I think you can see that acts like this are not just ordinary providence. They are really extraordinary because these things wouldn’t normally happen apart from God’s intending it. You normally would not have a person suddenly be cured of cancer just because someone lays hands on him and prays. But God knew the natural causes that would be in place that would bring that about, say, when someone prayed.[6] So this can encourage us to pray for people when they are sick, for example, or pray for financial straits when we go through them without thinking that we need to have a miracle occur – that God needs to somehow miraculously intervene. We may not have the faith to pray for a miracle but we could pray for a special providence, I think, in many cases.

I would want to distinguish between acts of special providence and genuine miracles. An act of special providence is an event which is extraordinary because of its timing and its place but it is still natural. By contrast, a miracle would involve God’s actual causal intervention in the nexus of finite causes to bring about some event that the natural causes at that time and place would not have cause to happen.


Question: In the case of the person that has cancer, if the planets have aligned that it is going to happen regardless without direct intervention, why do we pray for it?

Answer: It would not have happened regardless – that is the whole point! God, via his middle knowledge, knew that these prayers would be offered and so he set up the natural causes in advance to produce the result – the answer – at the time the prayers happen. But it would not have happened regardless. If the prayers were not to occur then God would have known that in his middle knowledge and not set up the natural causes. Prayer makes a difference! It is just that in order to answer the prayer, it doesn’t mean that you have to have a miraculous intervention or backward causation. Let me give one other example. When Jan and I were on staff with Campus Crusades, in 1972 we were preparing for an event called Explo72, a big conference in Dallas, Texas. About the weekend before the conference, nobody was signed up for it – it looked like it was going to be a big dud instead of an explosion! The Crusade staff at headquarters that weekend had a time of repentance and prayer and seeking the Lord and experienced a real revival on the staff. Monday morning – boom! – in came the applications! They just came flooding in. Thousands – tens of thousands – of people attended. The speaker we were listening to reflected on this. He said, “You know those applications had to have already been mailed prior to our time of repentance and revival on Saturday and Sunday. God knew that we were going to have this time, this season of prayer, so he set it up so these applications would come flowing in right afterwards.” If you have got middle knowledge, that makes perfect sense. That is a perfectly reasonable interpretation of how things go. So this, I think, can show you what I am talking about. It is not going to happen regardless. It happens because God knew that these prayers would be offered but he doesn’t need to do a last minute intervention to take care of it. Knowing this, he can set it up in advance so that it will take place.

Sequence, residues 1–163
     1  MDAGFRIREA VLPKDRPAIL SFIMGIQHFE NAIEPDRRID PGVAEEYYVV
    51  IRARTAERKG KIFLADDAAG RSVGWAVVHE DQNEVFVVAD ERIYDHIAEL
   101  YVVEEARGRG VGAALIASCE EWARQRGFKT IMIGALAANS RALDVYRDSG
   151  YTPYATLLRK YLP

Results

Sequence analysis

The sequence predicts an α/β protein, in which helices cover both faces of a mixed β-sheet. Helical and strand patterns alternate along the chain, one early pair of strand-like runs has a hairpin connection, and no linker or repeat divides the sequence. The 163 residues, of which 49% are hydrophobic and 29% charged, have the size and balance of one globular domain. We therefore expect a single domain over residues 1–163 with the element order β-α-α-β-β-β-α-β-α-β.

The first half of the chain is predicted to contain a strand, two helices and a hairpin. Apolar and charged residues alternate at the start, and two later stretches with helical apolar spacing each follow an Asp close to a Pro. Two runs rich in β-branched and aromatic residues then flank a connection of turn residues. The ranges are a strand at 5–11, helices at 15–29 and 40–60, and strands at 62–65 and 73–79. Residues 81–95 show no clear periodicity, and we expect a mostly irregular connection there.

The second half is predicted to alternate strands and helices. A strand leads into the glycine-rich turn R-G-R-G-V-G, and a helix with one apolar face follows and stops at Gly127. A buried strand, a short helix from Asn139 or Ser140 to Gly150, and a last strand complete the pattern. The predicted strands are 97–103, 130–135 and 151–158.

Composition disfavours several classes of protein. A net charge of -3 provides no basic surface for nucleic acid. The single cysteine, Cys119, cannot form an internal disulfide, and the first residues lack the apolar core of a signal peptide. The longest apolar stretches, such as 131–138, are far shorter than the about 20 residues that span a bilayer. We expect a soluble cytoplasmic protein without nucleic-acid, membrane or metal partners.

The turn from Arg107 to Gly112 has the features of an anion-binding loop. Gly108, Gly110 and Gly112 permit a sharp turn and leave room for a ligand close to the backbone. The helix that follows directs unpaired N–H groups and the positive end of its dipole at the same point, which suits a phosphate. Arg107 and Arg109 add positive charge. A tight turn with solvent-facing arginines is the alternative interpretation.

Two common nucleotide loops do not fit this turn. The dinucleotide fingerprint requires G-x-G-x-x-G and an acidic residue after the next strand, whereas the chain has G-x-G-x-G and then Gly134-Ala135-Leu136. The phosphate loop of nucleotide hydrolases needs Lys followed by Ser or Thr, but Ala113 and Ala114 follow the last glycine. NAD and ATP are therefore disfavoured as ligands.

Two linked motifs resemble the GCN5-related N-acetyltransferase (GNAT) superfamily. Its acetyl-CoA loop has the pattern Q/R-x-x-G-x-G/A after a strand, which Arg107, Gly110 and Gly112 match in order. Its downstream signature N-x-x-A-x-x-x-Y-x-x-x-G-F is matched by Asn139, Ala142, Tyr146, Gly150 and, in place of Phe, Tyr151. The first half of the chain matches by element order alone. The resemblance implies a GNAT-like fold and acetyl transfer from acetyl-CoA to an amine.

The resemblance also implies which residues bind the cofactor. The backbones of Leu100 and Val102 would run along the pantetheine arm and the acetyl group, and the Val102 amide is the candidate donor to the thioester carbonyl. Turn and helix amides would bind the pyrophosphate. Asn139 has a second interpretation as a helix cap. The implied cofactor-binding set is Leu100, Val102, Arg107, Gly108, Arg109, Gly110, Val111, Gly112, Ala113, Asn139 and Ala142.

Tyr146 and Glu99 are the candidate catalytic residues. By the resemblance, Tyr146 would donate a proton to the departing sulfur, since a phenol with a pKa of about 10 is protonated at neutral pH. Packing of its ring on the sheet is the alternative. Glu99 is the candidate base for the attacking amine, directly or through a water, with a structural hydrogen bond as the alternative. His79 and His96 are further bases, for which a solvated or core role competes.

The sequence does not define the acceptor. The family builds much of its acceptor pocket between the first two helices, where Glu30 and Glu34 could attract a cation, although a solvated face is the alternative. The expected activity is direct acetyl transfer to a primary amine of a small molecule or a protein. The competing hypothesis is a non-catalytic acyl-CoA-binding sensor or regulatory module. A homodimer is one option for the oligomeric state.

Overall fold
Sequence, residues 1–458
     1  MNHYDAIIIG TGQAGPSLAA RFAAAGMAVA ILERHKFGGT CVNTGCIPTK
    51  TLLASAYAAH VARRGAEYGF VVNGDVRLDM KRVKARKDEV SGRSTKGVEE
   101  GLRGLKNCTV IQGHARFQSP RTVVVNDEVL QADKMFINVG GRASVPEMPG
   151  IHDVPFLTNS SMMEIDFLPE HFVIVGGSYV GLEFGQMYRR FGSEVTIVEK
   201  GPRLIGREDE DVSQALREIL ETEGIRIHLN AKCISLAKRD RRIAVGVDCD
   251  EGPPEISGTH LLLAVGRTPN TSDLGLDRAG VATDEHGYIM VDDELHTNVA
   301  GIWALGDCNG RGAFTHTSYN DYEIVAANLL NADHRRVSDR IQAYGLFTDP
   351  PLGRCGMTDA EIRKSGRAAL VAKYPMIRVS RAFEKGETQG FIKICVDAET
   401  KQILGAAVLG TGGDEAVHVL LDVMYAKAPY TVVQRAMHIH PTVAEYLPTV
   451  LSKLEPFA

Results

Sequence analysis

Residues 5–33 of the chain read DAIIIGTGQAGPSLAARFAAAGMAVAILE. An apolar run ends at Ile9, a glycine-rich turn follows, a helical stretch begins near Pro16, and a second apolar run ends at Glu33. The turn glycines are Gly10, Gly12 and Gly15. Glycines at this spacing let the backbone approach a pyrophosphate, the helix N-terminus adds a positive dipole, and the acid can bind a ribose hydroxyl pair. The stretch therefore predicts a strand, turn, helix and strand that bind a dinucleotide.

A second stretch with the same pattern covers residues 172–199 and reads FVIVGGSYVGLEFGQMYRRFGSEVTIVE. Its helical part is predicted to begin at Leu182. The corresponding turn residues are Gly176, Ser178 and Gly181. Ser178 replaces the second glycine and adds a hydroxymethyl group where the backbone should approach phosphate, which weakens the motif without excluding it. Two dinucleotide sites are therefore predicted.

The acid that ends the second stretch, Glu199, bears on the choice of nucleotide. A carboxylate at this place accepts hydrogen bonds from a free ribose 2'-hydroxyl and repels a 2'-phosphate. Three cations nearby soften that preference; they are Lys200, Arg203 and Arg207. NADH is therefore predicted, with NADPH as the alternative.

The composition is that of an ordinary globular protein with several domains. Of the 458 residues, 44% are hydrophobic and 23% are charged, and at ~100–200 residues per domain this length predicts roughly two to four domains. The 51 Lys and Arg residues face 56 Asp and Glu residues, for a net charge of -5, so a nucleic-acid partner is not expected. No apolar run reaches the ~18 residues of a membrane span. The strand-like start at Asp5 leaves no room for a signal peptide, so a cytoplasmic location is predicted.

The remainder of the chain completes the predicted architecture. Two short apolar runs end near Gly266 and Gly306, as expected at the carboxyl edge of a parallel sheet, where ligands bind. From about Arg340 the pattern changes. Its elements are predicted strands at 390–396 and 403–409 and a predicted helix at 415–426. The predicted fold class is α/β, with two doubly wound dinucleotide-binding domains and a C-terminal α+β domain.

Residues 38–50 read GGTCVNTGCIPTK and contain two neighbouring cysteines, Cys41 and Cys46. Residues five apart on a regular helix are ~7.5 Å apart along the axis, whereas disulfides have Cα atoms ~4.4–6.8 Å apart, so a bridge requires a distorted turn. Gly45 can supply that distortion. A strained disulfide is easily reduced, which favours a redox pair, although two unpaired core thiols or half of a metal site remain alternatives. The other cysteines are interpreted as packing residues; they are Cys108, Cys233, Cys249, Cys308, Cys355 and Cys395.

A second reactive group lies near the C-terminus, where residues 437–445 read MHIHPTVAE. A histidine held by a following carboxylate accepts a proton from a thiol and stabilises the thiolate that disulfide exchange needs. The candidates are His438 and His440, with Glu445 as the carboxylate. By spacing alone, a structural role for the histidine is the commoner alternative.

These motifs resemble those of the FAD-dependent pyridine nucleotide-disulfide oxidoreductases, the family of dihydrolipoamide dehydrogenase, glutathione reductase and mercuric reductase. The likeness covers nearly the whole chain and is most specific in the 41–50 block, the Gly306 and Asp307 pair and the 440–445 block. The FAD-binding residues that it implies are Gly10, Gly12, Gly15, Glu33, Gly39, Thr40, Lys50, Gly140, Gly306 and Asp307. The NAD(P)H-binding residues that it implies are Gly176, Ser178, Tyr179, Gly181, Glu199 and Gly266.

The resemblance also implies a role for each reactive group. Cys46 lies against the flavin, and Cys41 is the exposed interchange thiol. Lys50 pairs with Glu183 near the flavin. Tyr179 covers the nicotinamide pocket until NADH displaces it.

What we will want to look at next time is how, during the 19th century, the belief in miracles collapsed. We will see how 19th century theologians came progressively to doubt, first, the miraculous nature of the events recorded in the Gospels and then, secondly, to doubt that these events even occurred at all and how this has impacted modern historical criticism of the Gospels and the historical Jesus. It is a fascinating story.[7]

[1] cf. Acts 26:19-20

[2] 4:57

[3] cf. Acts 17:24-28

[4] cf. 1 Timothy 2:3-4; 2 Peter 3:9

[5] 10:09

[6] 14:55

[7] Total Running Time: 19:30 (Copyright © 2012 William Lane Craig)